Overall the build quality is ok (the phone doesn't creak and the screen isn't coming unglued like certain HTC phones), save for the glaring mistakes listed above.  I thought that Samsung might've surpassed Nokia in build quality by now, but they've regressed. So back to listing things that suck:

Android Software

Sucky VOIP. First thing I did was setup SipDroid only to have my dad demand that I call him from my Nokia instead. Whereas on the Nokia VoIP over wifi is far superior to GSM on the Vibrant it completely sucks. The microphone has a constant background hum and it clips my voice funny. I think Nokia E71 does some serious QoS on their tcp/ip stack, because calls do not drop out nearly as much as on other devices (whereas bulk downloads are 10x slower than they used to be in recent firmwares).

Decent cellular quality. Turns out some of the crap that manifests itself in VoIP calls is also present during normal calls, but I wouldn't notice it if it didn't make itself obvious during VoIP testing. It's safe to say that this phone does not compare to Nokia in voice quality, no matter how great it supposedly sounds according to reviews.

The phonebook is a sick joke. Gmail accumulates contacts like crazy...and Android displays them all whether they have names/phone-numbers or not. Nokia deals with this problem neatly by filtering the phonebook based on context - "Oh you are trying to dial a number, I won't show contacts without a phone number...same idea for writing emails".

Android appears to be written by(or for?) children without commitments.
On E71 I sync with the Google calendar via an Exchange-emulation that Google hosts. So I figured that if Android can sync directly, it will cut out most of the suck...It doesn't, it sucks infinitely more. On initial sync it seems to have synced my calendar correctly, except for my meetings with boss(Google, are you trying to get me fired?)...To make matters worse none of the new entries I've added to the phone managed to sync to the server. That and entering appointments on a touchscreen is 10x slower than with a keyboard+dpad.
Seems bad? It gets worse. The calendar alarm is a quiet ping sound... That's it, no vibration, no loud alarm, no snoozing. How is one supposed to not miss meetings with this?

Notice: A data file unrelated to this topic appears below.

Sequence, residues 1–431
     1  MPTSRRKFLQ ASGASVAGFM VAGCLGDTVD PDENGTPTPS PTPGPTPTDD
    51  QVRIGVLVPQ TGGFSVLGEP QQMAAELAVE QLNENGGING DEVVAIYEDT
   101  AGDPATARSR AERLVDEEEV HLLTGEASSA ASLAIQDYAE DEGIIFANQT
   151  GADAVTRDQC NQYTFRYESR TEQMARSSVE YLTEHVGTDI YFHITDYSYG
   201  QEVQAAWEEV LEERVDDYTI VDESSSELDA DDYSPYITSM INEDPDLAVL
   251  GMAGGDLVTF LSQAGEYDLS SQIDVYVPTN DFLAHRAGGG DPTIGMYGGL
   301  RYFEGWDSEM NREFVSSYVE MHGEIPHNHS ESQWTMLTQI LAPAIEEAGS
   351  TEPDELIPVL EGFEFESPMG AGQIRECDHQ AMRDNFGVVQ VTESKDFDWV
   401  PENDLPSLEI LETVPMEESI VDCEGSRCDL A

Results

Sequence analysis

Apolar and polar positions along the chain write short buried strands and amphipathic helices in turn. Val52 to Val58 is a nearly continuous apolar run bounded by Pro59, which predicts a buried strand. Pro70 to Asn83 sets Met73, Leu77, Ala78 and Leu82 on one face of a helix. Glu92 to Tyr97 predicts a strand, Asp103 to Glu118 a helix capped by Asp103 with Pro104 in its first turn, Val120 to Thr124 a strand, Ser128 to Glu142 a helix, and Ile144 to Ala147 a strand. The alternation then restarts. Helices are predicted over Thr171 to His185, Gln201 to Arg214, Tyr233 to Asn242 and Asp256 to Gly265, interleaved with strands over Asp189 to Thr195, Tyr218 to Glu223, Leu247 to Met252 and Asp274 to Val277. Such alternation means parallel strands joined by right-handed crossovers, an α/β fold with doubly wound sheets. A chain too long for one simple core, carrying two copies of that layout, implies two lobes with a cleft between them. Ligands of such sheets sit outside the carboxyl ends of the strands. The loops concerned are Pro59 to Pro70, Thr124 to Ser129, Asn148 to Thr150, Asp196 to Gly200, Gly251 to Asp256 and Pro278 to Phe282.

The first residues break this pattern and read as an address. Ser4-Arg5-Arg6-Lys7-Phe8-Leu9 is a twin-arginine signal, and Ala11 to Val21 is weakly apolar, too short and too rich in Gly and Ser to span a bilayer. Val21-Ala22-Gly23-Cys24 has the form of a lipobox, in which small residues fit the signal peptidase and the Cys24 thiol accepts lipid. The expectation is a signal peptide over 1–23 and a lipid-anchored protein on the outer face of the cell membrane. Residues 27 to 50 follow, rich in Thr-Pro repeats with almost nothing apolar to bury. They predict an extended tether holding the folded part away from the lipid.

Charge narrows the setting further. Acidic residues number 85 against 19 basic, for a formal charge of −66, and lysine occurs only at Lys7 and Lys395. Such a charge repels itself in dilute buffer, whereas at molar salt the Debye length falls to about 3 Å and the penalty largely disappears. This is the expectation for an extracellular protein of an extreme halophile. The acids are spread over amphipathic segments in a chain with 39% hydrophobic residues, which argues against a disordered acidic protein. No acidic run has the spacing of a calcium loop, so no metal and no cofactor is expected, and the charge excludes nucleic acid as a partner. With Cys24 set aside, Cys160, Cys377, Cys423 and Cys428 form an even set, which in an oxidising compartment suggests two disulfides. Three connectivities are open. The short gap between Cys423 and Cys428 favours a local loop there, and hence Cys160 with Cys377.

I really miss being able to close applications. Applications can crap themselves or not provide a proper quit options...Would be nice to have some provision for that. It's really hard to keep android apps from doing stuff in the background(sucking my bandwidth and battery life).

The Good
I did decide to keep the phone. Android ecosystem is far superior to anything else I've seen. The OS is Linux, so the phone doesn't shit itself due to TCP/IP or multitasking confusion like many OSes out there (though I did manage to confuse the wifi driver into not working until a reboot...good old Linux).
Android provides hooks so if the handset vendor didn't ship with a particular feature, there is often a third-party solution. For example I found an Android app that makes the phone vibrate and REPEAT the calendar alarms(what a concept!) until acknowledged. Similarly, VoIP apps can hook into the dialer/phonebook for an almost Nokia-like experience in seamless VoIP integration(other than working properly). One can override the default browser, etc.

Vibrant has set a few records in CPU, screen and battery life. I think this is the best Android hardware one can get at the moment. I'm looking forward to writing or customizing existing open source apps for it.